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To succeed in the marketplace for ideas, grounding policies in economic analysis is more important than making them distinctively partisan.

Good policies should be effective and durable.  While some may argue that Conservative policies should be distinctive, former Labour adviser John McTernan says that recent Conservative policies have been essentially bipartisan.  He asserts that present day Conservatives have not had “ideologically transformative ideas for public policy” in the way that Margaret Thatcher’s government did in the 1980s.  While not denying that some later Tory-initiated policies have been a lasting success, he claims these have all been bipartisan.

There is of course nothing wrong with policies having cross-party support.  Indeed, this may be desirable as such policies are more likely to endure in the long-term, a key example being auto-enrolment in pensions.

Bipartisan policies were familiar territory to New Labour.  Tony Blair writes in his book A Journey that “the credibility of the whole New Labour project rested on accepting that much of what [Margaret Thatcher] wanted to do in the 1980s was inevitable, a consequence not of ideology but of social and economic change…  Britain needed the industrial and economic reforms of the Thatcher period.”

McTernan sees the characteristic Thatcher policies as being “the trifecta of right to buy, privatisation and ending union power”.  These, he says, were fundamental in impact and irreversible.  We might also note Thatcher’s emphasis on entrepreneurship, deregulation and monetary discipline.

These policies were mostly based on economic analyses provided by an ecosystem of market oriented scholars and think-tanks, notably the Institute of Economic Affairs, the Centre for Policy Studies and the Adam Smith Institute.  Since those times, policymaking by Conservative governments has appeared less single-minded, if not intellectually rudderless or downright opportunistic.

What is lacking in much current Conservative policy debate is a core of economic analysis on which policies can be built.  Typically in the past there was an expectation that if markets were able to function properly, this would deliver efficient and desirable outcomes in many areas.  Where markets didn’t work, the job of government was to identify and rectify or bypass market failures, whether these were based on lack of competition or the existence of externalities.

Stian Westlake dates this phenomenon more recently, to the change of leadership in 2016.  In The Strange Death of Tory Economic Thinking he argues that since Theresa May became prime minister, the Conservatives seem to have stopped talking and thinking about economics.  As a result, “policy areas that would traditionally have been seen through an economic prism are discussed from a social or national perspective instead.”  He sees “a government that shies away from economic thinking, that tends to see issues that others might see as economic through other lenses, and that has made little attempt to tell an economic story about the UK.”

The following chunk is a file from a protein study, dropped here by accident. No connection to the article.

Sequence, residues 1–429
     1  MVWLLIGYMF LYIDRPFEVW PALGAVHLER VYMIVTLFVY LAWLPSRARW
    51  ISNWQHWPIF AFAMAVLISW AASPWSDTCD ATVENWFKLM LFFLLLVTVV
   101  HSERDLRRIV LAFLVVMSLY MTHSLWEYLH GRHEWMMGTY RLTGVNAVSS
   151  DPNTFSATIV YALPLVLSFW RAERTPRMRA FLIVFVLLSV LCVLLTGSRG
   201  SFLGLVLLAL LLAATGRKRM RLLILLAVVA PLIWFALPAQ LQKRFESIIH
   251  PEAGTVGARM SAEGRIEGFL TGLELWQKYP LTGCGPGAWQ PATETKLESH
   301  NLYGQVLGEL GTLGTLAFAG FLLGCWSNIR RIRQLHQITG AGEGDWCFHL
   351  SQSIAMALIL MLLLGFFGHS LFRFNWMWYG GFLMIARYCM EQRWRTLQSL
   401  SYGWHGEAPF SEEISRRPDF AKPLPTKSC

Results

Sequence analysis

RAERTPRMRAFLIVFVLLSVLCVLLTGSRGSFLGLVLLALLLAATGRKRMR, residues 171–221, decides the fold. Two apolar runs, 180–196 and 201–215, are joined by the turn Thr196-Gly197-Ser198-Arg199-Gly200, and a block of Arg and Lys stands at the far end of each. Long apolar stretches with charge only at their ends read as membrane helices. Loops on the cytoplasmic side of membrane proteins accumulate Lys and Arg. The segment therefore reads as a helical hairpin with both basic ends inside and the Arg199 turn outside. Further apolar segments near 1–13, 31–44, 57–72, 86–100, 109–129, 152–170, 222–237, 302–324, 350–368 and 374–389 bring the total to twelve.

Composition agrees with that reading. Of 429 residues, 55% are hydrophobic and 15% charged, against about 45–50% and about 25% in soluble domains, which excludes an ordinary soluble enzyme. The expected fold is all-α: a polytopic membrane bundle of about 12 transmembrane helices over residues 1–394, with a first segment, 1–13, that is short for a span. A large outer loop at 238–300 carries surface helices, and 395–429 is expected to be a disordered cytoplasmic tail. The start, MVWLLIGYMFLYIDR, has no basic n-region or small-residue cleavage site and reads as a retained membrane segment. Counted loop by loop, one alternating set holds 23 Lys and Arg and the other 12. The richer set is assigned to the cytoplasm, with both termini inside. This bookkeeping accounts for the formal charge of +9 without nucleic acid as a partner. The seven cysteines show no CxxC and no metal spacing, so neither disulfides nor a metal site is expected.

Clearly, focussing on long term productivity growth should be central.  Only by fostering income growth can we expect to deliver benefits across the nation.  Without growth and prosperity, redistribution will not work electorally, since robbing Peter to pay Paul is not just zero sum; it involves, in economists’ parlance, deadweight losses that potentially make everyone worse off.

Bowman and Westlake suggest in Reviving Economic Thinking on the Right that the principles – markets and free enterprise, strong institutions and a government that creates such conditions – are the easy bit.  But going beyond principles, we need answers to the challenges our communities face.  This means producing solutions which recognise self-interest while respecting the needs of those less able to support themselves.  The challenges include reinstating economic growth to boost incomes and employment, especially outside London and the South East, properly funding public services, ensuring decent housing for all, fighting widening inequality and discrimination, tackling climate change, and more.

Policy approaches founded on economic analysis will aim to rectify market failures wherever possible (whether addressing skill shortages or CO2 releases), to work with the grain of markets to avoid costly distortions (e.g. minimising impacts on behaviour unless that is a target variable), and to make redistributional measures incentive compatible (i.e. encouraging people to follow the rules).

While the challenges facing government are generally understood, original but workable policy solutions are valuable currency.  We now have a new government with a yet to be articulated version of one-nation Conservatism and little ideological baggage beyond taking the UK out of the European Union.  There is plenty of scope for ambitious think tanks to seed the agenda.

A flourishing economy will always facilitate many of the things governments want to do and so is a high priority.  Beyond that, deploying economic analysis to support proposals in any field will enhance their credibility, their effectiveness and probably their durability.  We need to dig deep and trawl widely to find analytically sound policy packages to offer the new government.

Andrew Gibbons is a former UK government economist.  Views expressed in this article are those of the author, not necessarily those of Bright Blue.